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jiminos
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humming to myself


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« on: December 21, 2008, 10:47:31 pm »

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« Last Edit: December 22, 2008, 08:26:46 pm by jiminos » Logged

Be in this moment.
That which is cannot be found. It is not lost.
It can only be accepted or rejected.
Truth is.
Spatolo
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« Reply #1 on: December 21, 2008, 11:46:00 pm »

Nice to know.
I love when we share details and impressions like this, here on the forum. For instance, ubizmo put down in word very well something I noticed but I could not describe, and most important, he let me realize something I never noticed before (for what concern instrument stability).
I can't still darn find my C (perhaps my girlfriend hidden it?) but I'm curious to try and experiment when I'll find it.


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Secretagentdan
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Exodus, movement of jah people!


« Reply #2 on: December 22, 2008, 01:16:40 am »

Spatolo,
 maybe she did hide it! My wife told me I was giving her a headache earlier, so I had to chill out for a while! lol Smiley


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ubizmo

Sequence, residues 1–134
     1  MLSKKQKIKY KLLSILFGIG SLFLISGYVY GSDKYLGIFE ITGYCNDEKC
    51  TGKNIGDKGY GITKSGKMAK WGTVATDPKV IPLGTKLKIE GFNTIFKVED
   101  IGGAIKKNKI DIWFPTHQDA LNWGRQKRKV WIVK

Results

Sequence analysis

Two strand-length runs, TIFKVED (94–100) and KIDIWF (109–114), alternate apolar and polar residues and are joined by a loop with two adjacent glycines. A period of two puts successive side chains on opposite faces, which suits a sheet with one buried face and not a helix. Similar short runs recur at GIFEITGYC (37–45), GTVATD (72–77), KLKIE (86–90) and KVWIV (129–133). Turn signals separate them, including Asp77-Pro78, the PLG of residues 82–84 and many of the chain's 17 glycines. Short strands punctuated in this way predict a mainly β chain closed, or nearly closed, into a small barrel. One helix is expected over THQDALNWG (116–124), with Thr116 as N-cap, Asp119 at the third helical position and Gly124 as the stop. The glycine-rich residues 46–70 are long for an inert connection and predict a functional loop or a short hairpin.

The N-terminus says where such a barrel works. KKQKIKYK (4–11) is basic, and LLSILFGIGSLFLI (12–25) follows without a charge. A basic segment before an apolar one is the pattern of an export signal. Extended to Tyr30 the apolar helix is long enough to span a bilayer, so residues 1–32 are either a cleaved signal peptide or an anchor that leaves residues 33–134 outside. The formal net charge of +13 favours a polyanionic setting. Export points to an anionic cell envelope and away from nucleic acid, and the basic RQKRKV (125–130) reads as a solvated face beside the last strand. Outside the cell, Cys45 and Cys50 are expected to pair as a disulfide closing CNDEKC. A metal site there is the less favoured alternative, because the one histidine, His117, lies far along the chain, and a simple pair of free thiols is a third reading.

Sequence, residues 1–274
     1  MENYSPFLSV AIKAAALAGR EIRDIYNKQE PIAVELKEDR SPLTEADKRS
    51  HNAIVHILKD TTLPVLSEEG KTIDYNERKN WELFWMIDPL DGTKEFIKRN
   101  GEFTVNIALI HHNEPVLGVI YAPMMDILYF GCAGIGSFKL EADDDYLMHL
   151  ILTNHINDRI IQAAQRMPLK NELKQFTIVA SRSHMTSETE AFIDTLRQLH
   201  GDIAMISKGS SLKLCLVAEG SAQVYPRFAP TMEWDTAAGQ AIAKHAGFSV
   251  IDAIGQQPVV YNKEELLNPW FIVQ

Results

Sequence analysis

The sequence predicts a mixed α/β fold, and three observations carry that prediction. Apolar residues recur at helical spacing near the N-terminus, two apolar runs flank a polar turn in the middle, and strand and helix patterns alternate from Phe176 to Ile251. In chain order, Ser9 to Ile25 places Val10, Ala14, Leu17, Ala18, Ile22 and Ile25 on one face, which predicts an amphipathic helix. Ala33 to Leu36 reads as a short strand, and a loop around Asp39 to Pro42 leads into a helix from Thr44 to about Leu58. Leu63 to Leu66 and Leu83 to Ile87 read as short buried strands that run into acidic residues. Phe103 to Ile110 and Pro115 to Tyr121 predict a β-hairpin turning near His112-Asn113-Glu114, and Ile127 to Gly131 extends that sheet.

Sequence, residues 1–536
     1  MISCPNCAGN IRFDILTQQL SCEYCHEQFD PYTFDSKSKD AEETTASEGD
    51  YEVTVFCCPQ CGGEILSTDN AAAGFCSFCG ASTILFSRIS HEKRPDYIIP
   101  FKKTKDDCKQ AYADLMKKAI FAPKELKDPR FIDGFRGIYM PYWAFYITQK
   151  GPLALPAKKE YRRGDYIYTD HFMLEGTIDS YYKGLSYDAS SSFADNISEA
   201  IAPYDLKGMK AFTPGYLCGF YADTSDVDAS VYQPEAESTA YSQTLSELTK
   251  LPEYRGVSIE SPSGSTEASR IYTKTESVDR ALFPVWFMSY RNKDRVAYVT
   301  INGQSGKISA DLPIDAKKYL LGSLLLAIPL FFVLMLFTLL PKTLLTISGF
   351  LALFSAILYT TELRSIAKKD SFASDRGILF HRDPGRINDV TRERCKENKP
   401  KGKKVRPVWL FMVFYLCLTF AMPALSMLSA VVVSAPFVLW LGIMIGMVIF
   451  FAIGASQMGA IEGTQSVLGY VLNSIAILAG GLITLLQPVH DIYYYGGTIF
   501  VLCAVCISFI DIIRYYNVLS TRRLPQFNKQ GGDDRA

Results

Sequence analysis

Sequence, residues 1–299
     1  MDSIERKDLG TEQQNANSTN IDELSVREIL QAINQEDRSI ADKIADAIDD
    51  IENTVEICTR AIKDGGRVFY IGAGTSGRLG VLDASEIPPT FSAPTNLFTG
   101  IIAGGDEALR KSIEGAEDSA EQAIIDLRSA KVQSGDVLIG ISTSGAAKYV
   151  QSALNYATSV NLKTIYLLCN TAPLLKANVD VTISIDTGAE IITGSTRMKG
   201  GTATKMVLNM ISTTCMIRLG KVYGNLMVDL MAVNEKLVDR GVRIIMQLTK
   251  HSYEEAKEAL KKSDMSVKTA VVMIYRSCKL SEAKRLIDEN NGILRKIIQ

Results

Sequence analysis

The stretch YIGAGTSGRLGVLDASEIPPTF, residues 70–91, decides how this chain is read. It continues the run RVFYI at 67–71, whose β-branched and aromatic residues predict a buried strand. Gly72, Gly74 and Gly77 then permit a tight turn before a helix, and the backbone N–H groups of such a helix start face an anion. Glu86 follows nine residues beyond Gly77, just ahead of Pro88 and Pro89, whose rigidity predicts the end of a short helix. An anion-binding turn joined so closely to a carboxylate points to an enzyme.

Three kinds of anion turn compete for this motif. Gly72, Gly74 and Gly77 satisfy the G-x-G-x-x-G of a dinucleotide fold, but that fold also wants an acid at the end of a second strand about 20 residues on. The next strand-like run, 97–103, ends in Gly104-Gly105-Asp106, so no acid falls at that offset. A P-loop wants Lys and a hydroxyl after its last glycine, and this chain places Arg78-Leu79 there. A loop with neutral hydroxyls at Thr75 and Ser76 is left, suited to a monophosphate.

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I couldn't fail to disagree with you less.


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« Reply #3 on: December 22, 2008, 03:11:15 am »

i've noticed that it takes a lot more air to "blow" the C into tune than it does for a G when playing along with a tuned guitar. just an observation...

I agree with your observation, and the tuning meter confirms it.  To play the G in tune requires what I regard as medium breath pressure; the C requires strong pressure.  The tuning meter confirms it.

ubi


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Secretagentdan
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« Reply #4 on: December 22, 2008, 03:50:02 am »

The sound chamber is much bigger on the C ocarina..I wonder if that what makes the difference?! Dan


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shan